Home News High court rules ban on sale of tobacco products will remain

High court rules ban on sale of tobacco products will remain

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The Gauteng High Court, Pretoria, ruled that tobacco association's argument that cigarettes ought to have been considered "essential" because they are addictive, has no merit.

File picture: Courtney Africa / African News Agency (ANA)

THE BUYING and selling of tobacco products remain forbidden. This after the Gauteng High Court, Pretoria, on Friday afternoon turned down the application by the Fair Trade Tobacco Association (Fita) to lift the government’s ban on the sale of tobacco products.

The full bench, headed by Judge President Dunstan Mlambo, said: “By their very nature, natural disasters may often result in unforeseen

consequences requiring a government to implement measures not necessarily foreseen at the time legislation was drafted to manage and

contain a state of natural disaster. The Covid-19 pandemic unfortunately bears testimony of this.”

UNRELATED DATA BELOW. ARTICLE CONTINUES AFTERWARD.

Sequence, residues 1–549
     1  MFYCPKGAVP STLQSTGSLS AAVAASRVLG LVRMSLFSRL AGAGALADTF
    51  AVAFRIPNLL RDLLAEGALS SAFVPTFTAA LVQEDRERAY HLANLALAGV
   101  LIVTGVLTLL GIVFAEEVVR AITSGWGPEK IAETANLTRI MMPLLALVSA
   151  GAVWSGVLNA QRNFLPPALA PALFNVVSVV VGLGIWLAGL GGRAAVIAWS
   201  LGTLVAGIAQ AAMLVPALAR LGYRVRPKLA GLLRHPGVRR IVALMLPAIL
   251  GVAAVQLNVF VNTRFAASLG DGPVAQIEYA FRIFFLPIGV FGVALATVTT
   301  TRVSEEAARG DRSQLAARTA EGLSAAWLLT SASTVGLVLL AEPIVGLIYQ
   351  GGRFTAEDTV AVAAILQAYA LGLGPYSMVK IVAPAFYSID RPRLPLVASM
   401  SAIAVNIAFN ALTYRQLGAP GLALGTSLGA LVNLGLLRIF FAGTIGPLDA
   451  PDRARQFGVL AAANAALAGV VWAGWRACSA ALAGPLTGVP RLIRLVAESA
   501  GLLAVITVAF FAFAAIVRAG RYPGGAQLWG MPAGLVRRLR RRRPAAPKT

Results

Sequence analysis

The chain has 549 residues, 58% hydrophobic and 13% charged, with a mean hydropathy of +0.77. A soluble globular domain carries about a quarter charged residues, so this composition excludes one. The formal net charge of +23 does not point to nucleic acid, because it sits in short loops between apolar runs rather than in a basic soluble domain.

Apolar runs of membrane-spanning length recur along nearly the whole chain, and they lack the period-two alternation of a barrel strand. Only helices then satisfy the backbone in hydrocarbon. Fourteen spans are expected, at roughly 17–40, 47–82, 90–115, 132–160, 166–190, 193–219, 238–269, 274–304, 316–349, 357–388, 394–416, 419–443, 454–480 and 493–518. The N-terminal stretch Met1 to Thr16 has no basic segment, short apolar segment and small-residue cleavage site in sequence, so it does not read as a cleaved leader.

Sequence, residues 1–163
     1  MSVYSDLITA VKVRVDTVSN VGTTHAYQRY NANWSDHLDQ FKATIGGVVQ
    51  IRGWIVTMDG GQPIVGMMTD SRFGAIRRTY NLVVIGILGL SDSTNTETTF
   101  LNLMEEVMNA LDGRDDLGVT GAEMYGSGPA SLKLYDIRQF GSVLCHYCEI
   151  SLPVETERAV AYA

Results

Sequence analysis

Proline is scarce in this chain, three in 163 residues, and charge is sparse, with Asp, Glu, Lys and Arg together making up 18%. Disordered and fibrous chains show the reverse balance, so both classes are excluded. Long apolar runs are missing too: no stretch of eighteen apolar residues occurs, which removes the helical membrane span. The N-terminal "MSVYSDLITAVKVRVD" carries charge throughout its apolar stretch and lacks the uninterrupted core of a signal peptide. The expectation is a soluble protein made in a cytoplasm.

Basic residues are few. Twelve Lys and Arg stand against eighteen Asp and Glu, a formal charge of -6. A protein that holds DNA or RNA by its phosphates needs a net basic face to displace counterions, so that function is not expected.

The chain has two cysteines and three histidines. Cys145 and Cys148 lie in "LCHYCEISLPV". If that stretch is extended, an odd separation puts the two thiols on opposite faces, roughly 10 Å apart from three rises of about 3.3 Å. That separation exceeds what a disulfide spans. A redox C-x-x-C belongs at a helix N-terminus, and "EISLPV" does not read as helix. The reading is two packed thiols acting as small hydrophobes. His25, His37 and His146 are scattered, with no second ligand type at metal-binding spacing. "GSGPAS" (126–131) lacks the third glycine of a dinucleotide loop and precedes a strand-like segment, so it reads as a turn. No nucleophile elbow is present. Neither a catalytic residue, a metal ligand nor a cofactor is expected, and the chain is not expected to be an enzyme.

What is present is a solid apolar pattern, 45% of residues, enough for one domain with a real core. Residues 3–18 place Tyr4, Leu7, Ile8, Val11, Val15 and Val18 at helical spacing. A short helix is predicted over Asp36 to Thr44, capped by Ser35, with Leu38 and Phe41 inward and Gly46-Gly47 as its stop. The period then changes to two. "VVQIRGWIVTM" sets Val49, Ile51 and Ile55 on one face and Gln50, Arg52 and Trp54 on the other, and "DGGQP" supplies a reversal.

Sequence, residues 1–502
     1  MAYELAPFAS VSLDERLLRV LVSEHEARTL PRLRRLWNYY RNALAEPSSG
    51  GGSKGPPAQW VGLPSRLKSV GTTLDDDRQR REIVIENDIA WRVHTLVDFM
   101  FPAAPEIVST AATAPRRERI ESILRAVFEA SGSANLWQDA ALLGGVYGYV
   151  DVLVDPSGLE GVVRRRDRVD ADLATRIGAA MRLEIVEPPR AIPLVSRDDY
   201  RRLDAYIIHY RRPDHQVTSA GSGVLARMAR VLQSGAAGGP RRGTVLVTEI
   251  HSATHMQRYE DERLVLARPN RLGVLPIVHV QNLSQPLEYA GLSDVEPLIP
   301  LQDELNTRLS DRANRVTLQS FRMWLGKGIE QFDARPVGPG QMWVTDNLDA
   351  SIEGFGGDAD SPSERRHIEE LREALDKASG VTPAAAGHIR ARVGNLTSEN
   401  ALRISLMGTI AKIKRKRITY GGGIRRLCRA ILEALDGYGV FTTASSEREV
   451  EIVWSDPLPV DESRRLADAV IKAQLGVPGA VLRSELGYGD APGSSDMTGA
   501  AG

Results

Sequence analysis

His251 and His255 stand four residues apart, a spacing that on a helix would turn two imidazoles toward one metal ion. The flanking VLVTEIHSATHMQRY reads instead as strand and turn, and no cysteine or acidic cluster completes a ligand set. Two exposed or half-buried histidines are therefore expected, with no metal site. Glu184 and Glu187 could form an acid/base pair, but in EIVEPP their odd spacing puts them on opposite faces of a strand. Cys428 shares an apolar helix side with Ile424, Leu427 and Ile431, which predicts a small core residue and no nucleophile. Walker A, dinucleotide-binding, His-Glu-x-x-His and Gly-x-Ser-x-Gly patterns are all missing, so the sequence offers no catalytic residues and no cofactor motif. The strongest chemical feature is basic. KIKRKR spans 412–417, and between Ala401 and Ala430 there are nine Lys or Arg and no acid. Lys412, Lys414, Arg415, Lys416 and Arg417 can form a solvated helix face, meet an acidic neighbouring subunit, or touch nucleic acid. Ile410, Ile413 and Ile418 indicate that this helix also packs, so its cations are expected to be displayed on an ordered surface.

The court further said due to the newness of the disease, governments are struggling to understand the effects of Covid-19. 

It is in the context of the unpredictable nature of the disease that the government must take measures that are “necessary” to protect the public and to deal with the destructive effects of the disease, the court said.

“We are persuaded by the minister’s (Minister of Traditional Affairs and Cooperative Governance Nkosazana Dlamini-Zuma) submission that Fita’s argument is misconceived as it ignores the context under which the regulations were promulgated,” the judges said.

They added that simply because a good (product) is addictive, it does not necessarily follow that it is therefore necessary for human survival or required for basic human functionality.

“Fita’s argument that cigarettes ought to have been considered ‘essential’ because they are addictive, has no merit. The fact that a substance is addictive does not render it essential. 

“We therefore find no basis on which to interpret the Level 5 regulations as permitting the sale of tobacco products,” the court said.